It’s somewhere I always approach with anticipation. That sand-sunk boat on the beach. I remember it from my childhood, when my brothers and I would run down the track towards the golden sands, bucket and spade in hand, pausing briefly to look and consider. We never stopped for long, passing over it on our way to the seashore ahead. But always that curiosity, that desire to see if more had been revealed, if more of its secrets were on show. In the shifting sand its appearance was different every year , but always that tantalisingly small glimpse of the bigger whole, encased in its sand cocoon – just the tips of the wooden prow and stern with their thick iron suspension hooks and, if we were lucky, the wooden sides peeping above the level of the sand. Somehow incongruous, it was an out-of-place curiosity and an object of wonder; a boat sunk beneath the sandy waves, struggling against the engulfing deposits.
That sense of anticipation and curiosity has never left me, and now as an adult, bucket and spade abandoned long ago, I still pause, look and consider that sand-sunk boat on Knockvologan beach. Ever-changing in appearance as the sands shift, it is at the same time somehow solid and unmoving. It is a landmark and a distinctive place, a sunken treasure in its sandy tomb. It is also a little-known memorial to lives lost needlessly at sea and a reminder of wartime fears. For this is no anonymous wreck, no abandoned rowing boat. Instead it is a lifeboat from the Arandora Star, a requisitioned cruise ship torpedoed during the Second World War. Packed full of Italian and German civilian internees and German prisoners of war, she was on her way to internship camps in Canada. Branded enemy aliens and so a threat to national security, most of those on board were simply chip shop owners, ice-cream vendors, shoe makers and the like. Some were Jewish refugees, others had sons serving in the British army. Victims of wartime paranoia. On the morning of the 2nd of July 1940, 75 miles west of Ireland, the Arandora Star was struck by a single torpedo from a German U-boat. Although hundreds were rescued by the Canadian destroyer, the HMCS St. Laurent, more than 800 souls lost their lives that day, and over the following weeks bodies washed up along the Irish and Hebridean coasts. None reached the Isle of Mull, but this single, empty, lifeboat did. Spotted drifting among islands to the west of Mull, it was pulled ashore onto the beach at Knockvologan, where it has slowly been overcome by the sand. This beach where children play has become the final resting place of the Arandora Star lifeboat.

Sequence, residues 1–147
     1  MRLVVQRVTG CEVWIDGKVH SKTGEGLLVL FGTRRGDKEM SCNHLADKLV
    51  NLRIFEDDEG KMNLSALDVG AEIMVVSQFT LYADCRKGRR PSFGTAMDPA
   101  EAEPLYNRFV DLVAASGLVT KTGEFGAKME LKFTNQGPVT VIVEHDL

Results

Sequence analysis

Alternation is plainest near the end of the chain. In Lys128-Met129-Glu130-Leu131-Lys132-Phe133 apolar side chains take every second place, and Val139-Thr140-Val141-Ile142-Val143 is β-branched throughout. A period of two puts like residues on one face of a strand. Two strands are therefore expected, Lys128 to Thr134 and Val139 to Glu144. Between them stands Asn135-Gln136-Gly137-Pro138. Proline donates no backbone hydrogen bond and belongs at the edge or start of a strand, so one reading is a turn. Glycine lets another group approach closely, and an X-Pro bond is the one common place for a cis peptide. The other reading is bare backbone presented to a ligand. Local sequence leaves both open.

We will never know if this is one of the lifeboats in which survivors crowded before being taken aboard the HMCS St. Laurent, or one of those that were empty. Somehow I hope it helped to save lives, that it was able to fulfill the purpose for which it was made. But whichever it is, I can never now pass that spot without considering the tragedy of that July morning 75 years ago, or of thinking of the lives lost needlessly against the background of war. For Knockvologan beach is a place now marked by the presence of this boat from a 75 year old tragedy, it is a place forever altered by this wood and iron memorial.
Knockvologan beach is located on the southwestern tip of the Isle of Mull, an island off the west coast of Scotland. Although I have always known that the boat buried in the sand at Knockvologan is a lifeboat from the Second World War, it was only recently that I began to search a little deeper and discovered the story of the sinking of the Arandora Star and the connection with the boat at Knockvologan. My information came from this account of the discovery of the Knockvologan boat, as well as http://www.bluestarline.org/arandora.html and http://en.wikipedia.org/wiki/SS_Arandora_Star . Thank you to Donald Millican for providing the first two photographs from 2006 and 2007.